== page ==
Aerobic fitness, as measured by peak oxygen uptake on a treadmill, increased by 16 percent, and strength fitness increased by 17 percent. The average weight loss in this group was only four pounds, because much of the loss of fat was offset by increased muscle mass. The fat in the abdominal region, measured by magnetic resonance imaging, was reduced by 20 percent among exercisers. The group that was not exercising had either no or significantly less improvement than the exercising group.
Bone scans, using an X-ray machine called DXA, were used to assess bone mineral density. Measurements were taken of the total skeleton and in areas most vulnerable to bone loss and subsequent fracture, including three locations on the hip, and one in the spine. In both men and women who exercised and lost weight, overall bone density did not change, although results were mixed for women in specific sites of the hip. However, those who showed the greatest gains in fitness had modest gains in bone density at several sites, and loss of body fat was not associated with bone loss.
According to Stewart, an increase in bone mineral density among older exercisers has been observed in previous studies, but this increase was lacking in the current study because the fitness program was probably of too low intensity or too short in duration.
"Older people will likely have to exercise either harder or for longer than six months for there for there to be a substantial increase in bone density," says study co-author and endocrinologist Suzanne Jan de Beur, an assistant professor at Hopkins who specializes in bone health. "Our results show that moderate-intensity exercise can increase fitness and reduce body fat, which are important for overall health, but gains in bone density were found only among those who achieved the greatest gains in fitness in six months. Fat loss with exercise did not result in a loss of bone mass, a problem commonly seen when patients lose weight with diet alone."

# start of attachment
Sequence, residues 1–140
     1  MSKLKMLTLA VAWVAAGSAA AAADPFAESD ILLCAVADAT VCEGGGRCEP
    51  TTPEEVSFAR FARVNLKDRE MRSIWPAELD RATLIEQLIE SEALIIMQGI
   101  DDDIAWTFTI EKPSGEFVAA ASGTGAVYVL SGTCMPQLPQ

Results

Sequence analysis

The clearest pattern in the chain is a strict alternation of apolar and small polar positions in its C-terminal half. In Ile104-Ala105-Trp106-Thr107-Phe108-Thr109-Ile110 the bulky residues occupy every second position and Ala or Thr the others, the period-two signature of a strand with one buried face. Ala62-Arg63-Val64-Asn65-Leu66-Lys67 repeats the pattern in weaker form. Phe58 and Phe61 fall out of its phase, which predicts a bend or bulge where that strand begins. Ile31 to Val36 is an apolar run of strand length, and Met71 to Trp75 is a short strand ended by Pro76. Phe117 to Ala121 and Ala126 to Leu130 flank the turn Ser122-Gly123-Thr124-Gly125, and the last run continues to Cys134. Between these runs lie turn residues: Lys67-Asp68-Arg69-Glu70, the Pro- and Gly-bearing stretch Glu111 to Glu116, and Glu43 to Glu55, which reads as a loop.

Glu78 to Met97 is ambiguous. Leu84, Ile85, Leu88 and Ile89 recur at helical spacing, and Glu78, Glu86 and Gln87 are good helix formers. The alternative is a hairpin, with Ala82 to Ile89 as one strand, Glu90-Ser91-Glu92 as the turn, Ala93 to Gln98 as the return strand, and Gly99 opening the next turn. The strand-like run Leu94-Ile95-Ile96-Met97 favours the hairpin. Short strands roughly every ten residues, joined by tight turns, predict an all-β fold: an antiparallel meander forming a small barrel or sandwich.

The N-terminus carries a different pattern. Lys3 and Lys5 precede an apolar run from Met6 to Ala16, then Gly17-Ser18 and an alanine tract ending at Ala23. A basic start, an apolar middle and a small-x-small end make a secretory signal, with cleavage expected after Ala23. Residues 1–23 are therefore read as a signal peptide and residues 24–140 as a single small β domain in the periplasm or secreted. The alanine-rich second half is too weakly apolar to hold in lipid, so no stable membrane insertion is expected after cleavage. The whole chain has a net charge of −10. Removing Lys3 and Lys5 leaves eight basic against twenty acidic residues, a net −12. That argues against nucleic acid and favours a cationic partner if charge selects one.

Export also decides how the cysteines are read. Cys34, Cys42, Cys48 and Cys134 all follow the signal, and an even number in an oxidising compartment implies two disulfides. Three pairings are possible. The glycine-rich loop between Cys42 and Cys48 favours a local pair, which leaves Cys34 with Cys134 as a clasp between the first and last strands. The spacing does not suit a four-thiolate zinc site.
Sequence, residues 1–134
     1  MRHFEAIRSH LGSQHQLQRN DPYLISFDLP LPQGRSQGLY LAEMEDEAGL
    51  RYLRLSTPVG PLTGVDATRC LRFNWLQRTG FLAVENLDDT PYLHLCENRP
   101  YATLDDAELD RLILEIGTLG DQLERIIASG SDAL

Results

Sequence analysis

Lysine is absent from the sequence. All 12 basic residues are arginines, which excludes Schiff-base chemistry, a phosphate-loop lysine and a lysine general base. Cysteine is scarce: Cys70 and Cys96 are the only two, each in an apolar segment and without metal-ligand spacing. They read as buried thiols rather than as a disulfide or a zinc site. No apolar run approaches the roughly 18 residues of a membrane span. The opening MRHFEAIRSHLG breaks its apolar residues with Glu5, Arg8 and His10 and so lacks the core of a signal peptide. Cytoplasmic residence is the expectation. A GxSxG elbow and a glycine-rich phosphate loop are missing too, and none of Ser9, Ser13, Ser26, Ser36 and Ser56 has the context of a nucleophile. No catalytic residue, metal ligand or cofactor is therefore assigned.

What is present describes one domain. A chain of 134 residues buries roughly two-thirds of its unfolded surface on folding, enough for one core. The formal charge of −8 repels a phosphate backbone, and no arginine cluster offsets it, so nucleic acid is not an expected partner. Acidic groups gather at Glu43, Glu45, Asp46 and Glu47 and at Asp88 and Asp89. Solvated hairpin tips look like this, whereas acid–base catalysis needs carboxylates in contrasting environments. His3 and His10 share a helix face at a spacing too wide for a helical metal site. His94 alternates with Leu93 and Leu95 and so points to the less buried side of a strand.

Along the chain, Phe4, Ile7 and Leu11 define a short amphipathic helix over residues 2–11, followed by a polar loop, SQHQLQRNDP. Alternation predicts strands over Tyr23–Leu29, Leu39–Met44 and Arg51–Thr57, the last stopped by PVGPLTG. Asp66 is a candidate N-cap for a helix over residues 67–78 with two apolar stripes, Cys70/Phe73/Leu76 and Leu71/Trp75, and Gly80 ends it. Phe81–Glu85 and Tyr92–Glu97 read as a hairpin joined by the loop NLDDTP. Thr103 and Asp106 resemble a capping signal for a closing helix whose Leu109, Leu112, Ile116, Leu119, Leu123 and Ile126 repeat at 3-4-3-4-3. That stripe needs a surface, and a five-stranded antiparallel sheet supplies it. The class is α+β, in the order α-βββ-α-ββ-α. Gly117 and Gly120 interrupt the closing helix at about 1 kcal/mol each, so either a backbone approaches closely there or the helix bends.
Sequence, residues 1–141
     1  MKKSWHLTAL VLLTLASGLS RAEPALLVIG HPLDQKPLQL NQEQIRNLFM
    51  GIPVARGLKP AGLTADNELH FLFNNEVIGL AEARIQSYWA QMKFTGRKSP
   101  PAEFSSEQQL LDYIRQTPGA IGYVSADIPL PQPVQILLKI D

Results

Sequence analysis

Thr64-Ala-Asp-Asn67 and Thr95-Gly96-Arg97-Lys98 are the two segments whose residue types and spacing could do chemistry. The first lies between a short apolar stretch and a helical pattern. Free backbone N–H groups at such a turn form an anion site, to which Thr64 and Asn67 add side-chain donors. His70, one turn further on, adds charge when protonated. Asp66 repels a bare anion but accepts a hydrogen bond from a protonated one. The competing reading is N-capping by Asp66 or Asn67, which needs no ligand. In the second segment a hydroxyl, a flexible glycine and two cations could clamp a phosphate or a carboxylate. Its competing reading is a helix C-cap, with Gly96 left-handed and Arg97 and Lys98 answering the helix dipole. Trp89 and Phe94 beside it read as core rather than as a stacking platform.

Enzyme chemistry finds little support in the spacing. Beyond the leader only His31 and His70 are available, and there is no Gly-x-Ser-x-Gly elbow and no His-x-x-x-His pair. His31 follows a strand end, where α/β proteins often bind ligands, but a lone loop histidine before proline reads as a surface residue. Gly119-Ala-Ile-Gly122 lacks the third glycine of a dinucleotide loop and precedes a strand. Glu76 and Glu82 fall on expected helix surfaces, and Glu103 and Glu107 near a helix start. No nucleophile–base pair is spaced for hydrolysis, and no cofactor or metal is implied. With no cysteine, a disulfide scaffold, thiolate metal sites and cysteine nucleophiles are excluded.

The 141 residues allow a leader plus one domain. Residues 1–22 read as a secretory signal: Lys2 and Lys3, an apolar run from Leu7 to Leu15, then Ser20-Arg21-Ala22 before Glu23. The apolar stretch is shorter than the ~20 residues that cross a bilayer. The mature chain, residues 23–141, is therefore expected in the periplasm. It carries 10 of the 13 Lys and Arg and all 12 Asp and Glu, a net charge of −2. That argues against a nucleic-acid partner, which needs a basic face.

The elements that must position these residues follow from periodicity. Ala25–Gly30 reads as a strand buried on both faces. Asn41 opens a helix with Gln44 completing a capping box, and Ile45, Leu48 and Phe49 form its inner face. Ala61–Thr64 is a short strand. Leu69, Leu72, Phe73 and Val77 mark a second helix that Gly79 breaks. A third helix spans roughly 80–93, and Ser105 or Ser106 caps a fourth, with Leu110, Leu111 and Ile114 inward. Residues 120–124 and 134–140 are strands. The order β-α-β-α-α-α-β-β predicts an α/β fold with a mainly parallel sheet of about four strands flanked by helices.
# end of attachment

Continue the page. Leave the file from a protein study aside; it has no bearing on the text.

Jan de Beur adds that while bone mass did not increase in this program, there are other benefits that will likely reduce the risk of fractures. Bones commonly break after a fall, a major risk factor for fractures in older people. But exercise makes bodies stronger and improves balance, thus preventing falls.
The Hopkins study's exercise program followed current guidelines from the American College of Sports Medicine. The study was part of a larger, ongoing trial, called the Senior Hypertension and Physical Exercise study (or SHAPE, for short). It is believed to be the first detailed examination of the guidelines' effectiveness and gender differences in the effects of exercise, with nearly an equal number of men and women enrolled.
Funding for the study was provided by the Heart, Lung and Blood Institute, a member of the National Institutes of Health (NIH), with additional assistance from the Johns Hopkins Bayview General Clinical Research Center, also funded by the NIH. Other Hopkins researchers who took part in this study were Anita Bacher, M.S.N., M.P.H.; Paul Hees, Ph.D.; Matthew Tayback, Sc.D.; and Pamela Ouyang, M.D.
Materials provided by Johns Hopkins Medical Institutions. Note: Content may be edited for style and length.